One of our specialities at Terrific Trading is Selling for Non-Salespeople 2018. In other words selling for people who see themselves as service providers, technicians or professionals, people who help their customers – people who often find the whole idea of selling distasteful.
We know that equipping them with selling skills won’t in any way improve their performance and the profitability of the company they represent UNTIL and UNLESS we can help them feel OK about selling. By the way, this includes the owners of many businesses.
It’s good fun watching the transformation. When going through my library of information recently, I rediscovered a wonderful story of one such transformation related by James Levinson. It’s from way back in the 1970’s in the hospitality sector but I’m sure it’s one you will relate to.
From 1972 to early 1975 James Levinson was brought in as CEO of his hotel groups’ flagship store, the Plaza Hotel in New York. Unprofitable in the five years before he assumed the hotel’s key leadership role, the Plaza was a success each year of Levinson’s tenure before being sold in February1975 at great profit by Sonseta International Hotels.
How did he preform this remarkable turn-around? By getting the 1,400 staff in every conceivable role working over 18 floors, a thousand guest rooms, six restaurants, a night club and a theatre to ‘Think Strawberries’.
It’s a wonderful story. You can access it by clicking on Think Strawberries. To whet your appetite, here are a couple of excerpts.
“Soon after I commenced at the Plaza, something occurred which gave me a preview of what I was up against.
“I was walking through the lobby when I heard the phone ring at the Bell Captain’s desk. No-one was answering it.
“To demonstrate to my staff that no job was too demeaning for me, I went over, picked up the phone and said, ‘Bell Captain’s desk. How may I help you?’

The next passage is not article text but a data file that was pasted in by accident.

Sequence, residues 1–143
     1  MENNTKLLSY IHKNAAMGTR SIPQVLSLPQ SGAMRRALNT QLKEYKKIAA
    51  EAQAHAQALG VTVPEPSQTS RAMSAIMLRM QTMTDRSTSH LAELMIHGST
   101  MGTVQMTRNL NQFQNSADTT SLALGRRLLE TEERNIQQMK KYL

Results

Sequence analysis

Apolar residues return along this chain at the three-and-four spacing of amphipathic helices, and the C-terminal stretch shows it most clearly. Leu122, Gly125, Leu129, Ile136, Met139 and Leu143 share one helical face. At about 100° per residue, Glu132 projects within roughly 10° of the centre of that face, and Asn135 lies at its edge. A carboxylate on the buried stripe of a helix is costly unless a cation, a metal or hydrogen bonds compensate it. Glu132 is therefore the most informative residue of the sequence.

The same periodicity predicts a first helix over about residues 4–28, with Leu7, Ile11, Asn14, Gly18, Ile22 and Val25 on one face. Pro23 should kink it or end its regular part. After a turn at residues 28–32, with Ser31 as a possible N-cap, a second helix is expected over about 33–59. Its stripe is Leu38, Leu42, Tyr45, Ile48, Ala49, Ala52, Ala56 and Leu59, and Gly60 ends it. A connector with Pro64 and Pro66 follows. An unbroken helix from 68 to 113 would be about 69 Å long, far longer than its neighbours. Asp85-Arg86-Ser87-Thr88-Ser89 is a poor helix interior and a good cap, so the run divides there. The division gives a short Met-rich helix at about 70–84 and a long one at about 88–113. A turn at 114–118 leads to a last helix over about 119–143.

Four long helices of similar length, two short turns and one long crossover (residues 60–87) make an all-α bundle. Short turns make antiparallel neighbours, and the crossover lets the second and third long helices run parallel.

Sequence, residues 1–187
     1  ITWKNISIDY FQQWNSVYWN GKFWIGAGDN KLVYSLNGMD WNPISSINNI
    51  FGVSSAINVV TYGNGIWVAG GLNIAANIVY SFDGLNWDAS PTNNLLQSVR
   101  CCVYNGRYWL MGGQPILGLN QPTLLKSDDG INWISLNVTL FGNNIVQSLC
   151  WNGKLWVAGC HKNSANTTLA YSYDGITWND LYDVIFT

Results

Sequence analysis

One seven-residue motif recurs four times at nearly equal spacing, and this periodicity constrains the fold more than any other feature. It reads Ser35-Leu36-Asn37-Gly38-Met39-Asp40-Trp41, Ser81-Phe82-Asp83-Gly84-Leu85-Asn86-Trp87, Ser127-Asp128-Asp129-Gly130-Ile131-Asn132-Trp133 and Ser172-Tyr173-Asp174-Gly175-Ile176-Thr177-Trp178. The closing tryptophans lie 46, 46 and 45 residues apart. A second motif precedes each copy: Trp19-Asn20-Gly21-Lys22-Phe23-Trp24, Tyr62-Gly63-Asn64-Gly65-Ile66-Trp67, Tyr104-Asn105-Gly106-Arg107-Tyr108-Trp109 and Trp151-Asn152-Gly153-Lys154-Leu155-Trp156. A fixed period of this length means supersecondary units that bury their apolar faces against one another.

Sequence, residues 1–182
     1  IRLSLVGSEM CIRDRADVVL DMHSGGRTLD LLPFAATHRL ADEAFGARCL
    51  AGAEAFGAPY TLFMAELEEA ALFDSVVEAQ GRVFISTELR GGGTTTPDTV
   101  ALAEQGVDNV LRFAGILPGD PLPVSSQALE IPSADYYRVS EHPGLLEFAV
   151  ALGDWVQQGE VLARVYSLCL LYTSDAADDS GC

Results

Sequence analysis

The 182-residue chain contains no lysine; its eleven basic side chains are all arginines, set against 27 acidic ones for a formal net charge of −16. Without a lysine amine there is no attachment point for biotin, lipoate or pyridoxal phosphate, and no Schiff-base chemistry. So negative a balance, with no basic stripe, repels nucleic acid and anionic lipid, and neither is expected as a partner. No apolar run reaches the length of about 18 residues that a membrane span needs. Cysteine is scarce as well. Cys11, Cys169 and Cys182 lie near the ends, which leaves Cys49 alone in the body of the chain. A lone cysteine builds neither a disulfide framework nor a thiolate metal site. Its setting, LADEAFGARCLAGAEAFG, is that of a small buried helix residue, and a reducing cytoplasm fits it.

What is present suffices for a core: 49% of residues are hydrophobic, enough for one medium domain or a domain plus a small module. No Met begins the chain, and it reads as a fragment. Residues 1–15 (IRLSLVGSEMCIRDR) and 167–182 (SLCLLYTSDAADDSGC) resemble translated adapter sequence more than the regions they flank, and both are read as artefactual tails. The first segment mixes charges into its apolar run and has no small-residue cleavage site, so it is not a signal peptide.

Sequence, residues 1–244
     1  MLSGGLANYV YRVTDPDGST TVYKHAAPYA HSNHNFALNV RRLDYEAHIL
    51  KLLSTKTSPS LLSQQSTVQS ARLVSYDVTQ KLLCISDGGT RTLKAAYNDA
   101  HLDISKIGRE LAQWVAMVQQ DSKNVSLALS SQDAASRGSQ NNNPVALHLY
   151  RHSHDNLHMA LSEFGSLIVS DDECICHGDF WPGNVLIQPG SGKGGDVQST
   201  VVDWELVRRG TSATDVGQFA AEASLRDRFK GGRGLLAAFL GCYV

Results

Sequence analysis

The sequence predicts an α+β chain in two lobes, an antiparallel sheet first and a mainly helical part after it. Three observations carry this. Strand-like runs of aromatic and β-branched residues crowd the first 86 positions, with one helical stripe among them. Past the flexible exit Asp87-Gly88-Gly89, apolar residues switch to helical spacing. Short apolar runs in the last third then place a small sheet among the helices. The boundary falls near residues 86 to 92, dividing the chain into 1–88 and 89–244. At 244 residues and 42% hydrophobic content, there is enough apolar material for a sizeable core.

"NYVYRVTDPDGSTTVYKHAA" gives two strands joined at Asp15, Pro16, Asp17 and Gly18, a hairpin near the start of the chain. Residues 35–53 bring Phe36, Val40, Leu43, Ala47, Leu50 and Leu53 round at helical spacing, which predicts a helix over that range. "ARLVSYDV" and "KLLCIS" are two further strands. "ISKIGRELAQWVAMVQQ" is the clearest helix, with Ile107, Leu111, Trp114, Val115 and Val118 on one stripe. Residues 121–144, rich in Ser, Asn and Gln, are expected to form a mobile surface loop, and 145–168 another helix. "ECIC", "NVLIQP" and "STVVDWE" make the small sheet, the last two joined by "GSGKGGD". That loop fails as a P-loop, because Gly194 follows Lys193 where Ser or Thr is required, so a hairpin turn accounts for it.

“A voice came over the other end, ‘Pass it on, Levinson’s in the lobby.’
Here’s another snippet:
“The Plaza is a dignified institution. It is so dignified it was considered demeaning to admit that we needed business, no matter how much money we were losing. And if you didn’t ask us, we wouldn’t ask you. We weren’t ringing your doorbell or anyone else’s. You had to ring ours.
“This seemed to be a philosophy shared by the entire organisation… If you wanted a second drink at the Plaza’s famous Oak Bar, you got it via a simple technique – tripping the waiter and then pinning him to the floor. You had to ask him, not the other way around.
“I introduced a new policy. When the guest’s glass is down to one-third full, the waiter is to ask the guest if he’d like a second drink…Couldn’t miss, I thought.
“About a month after introducing this policy, I joined the General Manager in the Oak Bar for a drink. I noticed at the table next to us there were four guests and four empty glasses. Not a waiter came near them.
“After about 15 minutes, I asked the GM what had happened to my ‘second-drink’ program. The GM called over the maitre’d and asked the same. The maitre’d called over the captain, pointed to the other table and said, ‘Whatever happened to Lavenson’s ‘second drink’ program?’ The captain then called over the waiter, who broke into a wreath of smiles as he explained that the people at the next table had already had their second drink!”
You can find out how James Levinson turned around the culture at the Plaza, New York by clicking Think Strawberries. You’ll love it.